Mark breakdown 

  • Two types of question: KAA and KAA+EVALUATION
  • Evaluation questions are signposted with the instruction words: "examine", "discuss", "evaluate", "assess" and "to what extent".
  • The evaluation component will always be worth less than 50% of the total marks for any given question i.e for any KAA + EVALUATION question, the mark split will be as follows:
    • 8 marks total = 6 KAA + 2 EVAL
    • 10 marks total= 6 KAA + 4 EVAL
    • 14 marks total= 8 KAA + 6 EVAL 

"Go to" KAA marks

These are the points you should be including as a priority in order to pick up you KAA marks. Identification and explanation you should be including as a matter of course, so remember to make an effort to include definitions and diagrams. There's often a lot of overlap between your identification and explanation marks. See video for more:  

  • DEFINITIONS & FORMULAE: define key unit 1 terms mentioned in the question.
  • DIAGRAMS: shoe-horn in diagrams associated with key terms e.g externalities diagram, PPF diagram for opportunity cost
  • IDENTIFICATION: make explicit references to the extracts e.g “extract 1, line 6”, “extract 2 says...”, “£6,000 from extract 1”
  • EXPLANATION: chain of reasoning will pick up the remaining marks once marks above have been gained. 

June 2012 Q9- full mark responses

Question paper: Edexcel economics unit 1- June 2012 question paper
Mark scheme: Edexcel economics unit 1- June 2012 mark scheme

(a) With reference to the titles of Extract 1 and Extract 2, distinguish between positive and normative statements. 


1. Definitions (2 marks): A normative statement is subjective and cannot be proven/disproven scientifically. A positive statement is objective and can be proven/ disproven scientifically.

2. Identification (2 marks): The title of extract 1 is positive since it is possible to test whether the tuition fees will increase. The title of extract 2 is normative since the term ‘unfair’ is a value judgement. 


(b) With reference to the information provided and your own knowledge, explain the opportunity cost of higher education to students.


1. Definitions (1 mark): The opportunity cost is value of the next best alternative foregone.

2. Diagram (2 marks)

Increasing consumption of good B (tuition fees) from 4 to 5 units has an opportunity cost of 3 units of good A (other uses of the money).
















3. Identification (2 marks): tuition fees have been increased from £3,290 to possibly £7,000 or £9,000 a year.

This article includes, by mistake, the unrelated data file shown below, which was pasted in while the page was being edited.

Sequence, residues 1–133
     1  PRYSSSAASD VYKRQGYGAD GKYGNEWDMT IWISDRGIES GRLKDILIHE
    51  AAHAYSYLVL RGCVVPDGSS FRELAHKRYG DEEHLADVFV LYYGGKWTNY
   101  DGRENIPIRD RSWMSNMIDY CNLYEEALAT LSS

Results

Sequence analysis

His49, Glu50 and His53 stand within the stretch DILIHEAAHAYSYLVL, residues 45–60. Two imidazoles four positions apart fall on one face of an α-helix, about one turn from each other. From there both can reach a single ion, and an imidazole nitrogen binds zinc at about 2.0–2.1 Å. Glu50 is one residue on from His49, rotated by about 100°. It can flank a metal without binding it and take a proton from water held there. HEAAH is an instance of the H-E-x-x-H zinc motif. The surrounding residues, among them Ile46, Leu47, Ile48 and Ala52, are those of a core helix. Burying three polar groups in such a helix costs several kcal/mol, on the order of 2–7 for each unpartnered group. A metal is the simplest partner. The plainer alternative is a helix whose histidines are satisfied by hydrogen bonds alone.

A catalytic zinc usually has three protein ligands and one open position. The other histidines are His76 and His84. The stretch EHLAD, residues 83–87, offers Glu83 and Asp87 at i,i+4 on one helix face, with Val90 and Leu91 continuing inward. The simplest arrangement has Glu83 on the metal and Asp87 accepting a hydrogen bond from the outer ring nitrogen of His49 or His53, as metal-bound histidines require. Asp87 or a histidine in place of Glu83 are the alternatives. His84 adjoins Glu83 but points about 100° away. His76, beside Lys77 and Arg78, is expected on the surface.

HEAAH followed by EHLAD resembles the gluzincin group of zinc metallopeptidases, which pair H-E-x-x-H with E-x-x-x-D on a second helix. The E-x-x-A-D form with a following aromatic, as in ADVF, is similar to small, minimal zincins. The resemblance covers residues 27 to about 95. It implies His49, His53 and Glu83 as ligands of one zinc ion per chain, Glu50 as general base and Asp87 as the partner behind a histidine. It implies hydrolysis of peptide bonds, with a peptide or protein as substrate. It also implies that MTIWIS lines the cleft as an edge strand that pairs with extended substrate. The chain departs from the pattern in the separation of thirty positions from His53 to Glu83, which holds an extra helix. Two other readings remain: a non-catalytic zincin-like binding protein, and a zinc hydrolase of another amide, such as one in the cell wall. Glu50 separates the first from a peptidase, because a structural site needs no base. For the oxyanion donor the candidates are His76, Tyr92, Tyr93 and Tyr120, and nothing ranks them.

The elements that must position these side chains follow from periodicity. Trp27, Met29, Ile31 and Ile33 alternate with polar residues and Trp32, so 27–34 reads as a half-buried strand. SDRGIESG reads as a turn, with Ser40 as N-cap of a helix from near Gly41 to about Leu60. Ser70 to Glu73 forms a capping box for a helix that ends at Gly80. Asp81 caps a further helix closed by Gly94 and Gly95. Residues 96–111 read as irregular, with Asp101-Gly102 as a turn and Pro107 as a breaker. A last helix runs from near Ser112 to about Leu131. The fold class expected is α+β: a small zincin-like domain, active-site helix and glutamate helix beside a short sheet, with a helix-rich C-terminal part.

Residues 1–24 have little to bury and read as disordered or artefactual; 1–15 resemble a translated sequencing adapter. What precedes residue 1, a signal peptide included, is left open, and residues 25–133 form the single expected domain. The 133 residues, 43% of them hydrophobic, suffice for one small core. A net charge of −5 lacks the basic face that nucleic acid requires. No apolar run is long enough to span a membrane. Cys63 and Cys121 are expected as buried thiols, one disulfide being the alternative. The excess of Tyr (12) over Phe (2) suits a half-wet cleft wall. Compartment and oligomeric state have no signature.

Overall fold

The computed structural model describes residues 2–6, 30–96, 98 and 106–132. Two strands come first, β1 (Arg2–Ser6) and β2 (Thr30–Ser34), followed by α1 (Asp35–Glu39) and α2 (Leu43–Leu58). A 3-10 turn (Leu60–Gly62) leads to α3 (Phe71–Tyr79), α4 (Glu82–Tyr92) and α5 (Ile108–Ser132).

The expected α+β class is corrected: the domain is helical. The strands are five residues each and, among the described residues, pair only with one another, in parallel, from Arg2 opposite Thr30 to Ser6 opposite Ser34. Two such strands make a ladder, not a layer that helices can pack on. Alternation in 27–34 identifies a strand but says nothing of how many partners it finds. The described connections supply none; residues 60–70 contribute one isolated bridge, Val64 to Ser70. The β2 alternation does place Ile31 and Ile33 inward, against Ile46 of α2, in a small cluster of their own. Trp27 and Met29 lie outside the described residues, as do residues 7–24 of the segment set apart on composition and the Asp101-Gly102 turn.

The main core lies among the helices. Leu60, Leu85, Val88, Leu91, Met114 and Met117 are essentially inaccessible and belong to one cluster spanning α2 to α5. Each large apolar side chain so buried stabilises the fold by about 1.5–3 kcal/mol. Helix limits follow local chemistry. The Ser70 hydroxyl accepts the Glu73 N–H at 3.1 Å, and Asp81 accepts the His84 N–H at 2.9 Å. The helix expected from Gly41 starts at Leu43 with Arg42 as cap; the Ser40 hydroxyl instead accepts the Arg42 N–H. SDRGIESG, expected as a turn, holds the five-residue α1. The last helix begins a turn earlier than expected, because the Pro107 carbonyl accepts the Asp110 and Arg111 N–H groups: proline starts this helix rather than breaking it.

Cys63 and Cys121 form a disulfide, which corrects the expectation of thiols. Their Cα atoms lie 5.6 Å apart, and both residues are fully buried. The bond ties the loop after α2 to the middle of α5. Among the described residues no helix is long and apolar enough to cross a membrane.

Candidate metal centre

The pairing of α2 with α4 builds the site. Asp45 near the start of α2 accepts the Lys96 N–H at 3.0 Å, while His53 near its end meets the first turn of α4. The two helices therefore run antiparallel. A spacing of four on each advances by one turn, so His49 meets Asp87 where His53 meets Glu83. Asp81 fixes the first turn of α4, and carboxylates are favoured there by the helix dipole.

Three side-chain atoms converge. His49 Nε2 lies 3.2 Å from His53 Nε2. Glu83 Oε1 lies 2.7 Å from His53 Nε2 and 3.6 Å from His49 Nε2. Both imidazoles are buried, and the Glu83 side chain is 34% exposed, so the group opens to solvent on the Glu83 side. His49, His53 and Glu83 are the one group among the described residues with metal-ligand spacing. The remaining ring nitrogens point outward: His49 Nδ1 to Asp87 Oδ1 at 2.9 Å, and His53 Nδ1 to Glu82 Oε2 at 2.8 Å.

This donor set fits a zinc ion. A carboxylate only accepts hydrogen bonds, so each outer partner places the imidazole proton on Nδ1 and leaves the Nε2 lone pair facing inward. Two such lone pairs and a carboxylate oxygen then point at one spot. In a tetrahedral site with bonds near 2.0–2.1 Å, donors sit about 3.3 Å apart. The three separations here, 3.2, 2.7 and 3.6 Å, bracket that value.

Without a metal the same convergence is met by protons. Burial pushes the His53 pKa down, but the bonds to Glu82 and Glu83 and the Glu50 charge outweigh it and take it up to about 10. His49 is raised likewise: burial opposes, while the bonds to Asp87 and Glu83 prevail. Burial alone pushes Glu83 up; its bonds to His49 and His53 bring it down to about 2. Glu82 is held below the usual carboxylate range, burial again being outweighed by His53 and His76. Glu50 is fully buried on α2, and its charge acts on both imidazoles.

4. Explanation (4 marks): One of the opportunity costs of going to university is the alternative uses of the tuition fees i.e buying a car or putting a deposit down on a flat. Another opportunity cost is the alternative use of the time spent studying i.e working or taking an apprenticeship course.  


(c) Evaluate the likely private benefits and external benefits of university education. Illustrate your answer with an appropriate diagram.


1. Definitions (4 marks): Private benefits are those received by people within a transaction. External benefits are those received by people outside the transaction. 

2. Diagram (4 marks)





















D represents marginal private benefit, whereas D1 represents marginal social benefit where both marginal private benefit and marginal external benefit are taken into account.

3. Identification/explanation (4 marks) : Using higher education as an example, the private benefits could include the £160,000 salary premium over A-level study. The external benefits could include the wider benefits that are received by society as a whole, e.g the higher incomes from a more productive labour force.


(d) With reference to Extract 2 and using price elasticity of demand calculations, assess the likely impact on student applications of an increase in tuition fees from £3,290 to £7,000.


1. Definition (1 mark): Price elasticity of demand is the proportionate change in quantity demanded for a given proportionate change in price. 

2. Applying formulae (4 marks): PED = % change in quantity demanded/ % change in price

PED for lower income students= -0.14/ (3710/3290) = -0.12

3. Identification (2 marks): Extract 2 shows that demand is more inelastic for students from high income families (9% fall forecast as a result of the rise in fees) compared to low income students (14% fall). 

4. Explanation (2 marks): Price elasticity of demand is negative, but inelastic meaning that applications will fall in response to the rise in tuition fees, but less than proportionately. 


For evaluation components see EDEXCEL ECONOMICS UNIT 1- EVAL QUESTIONS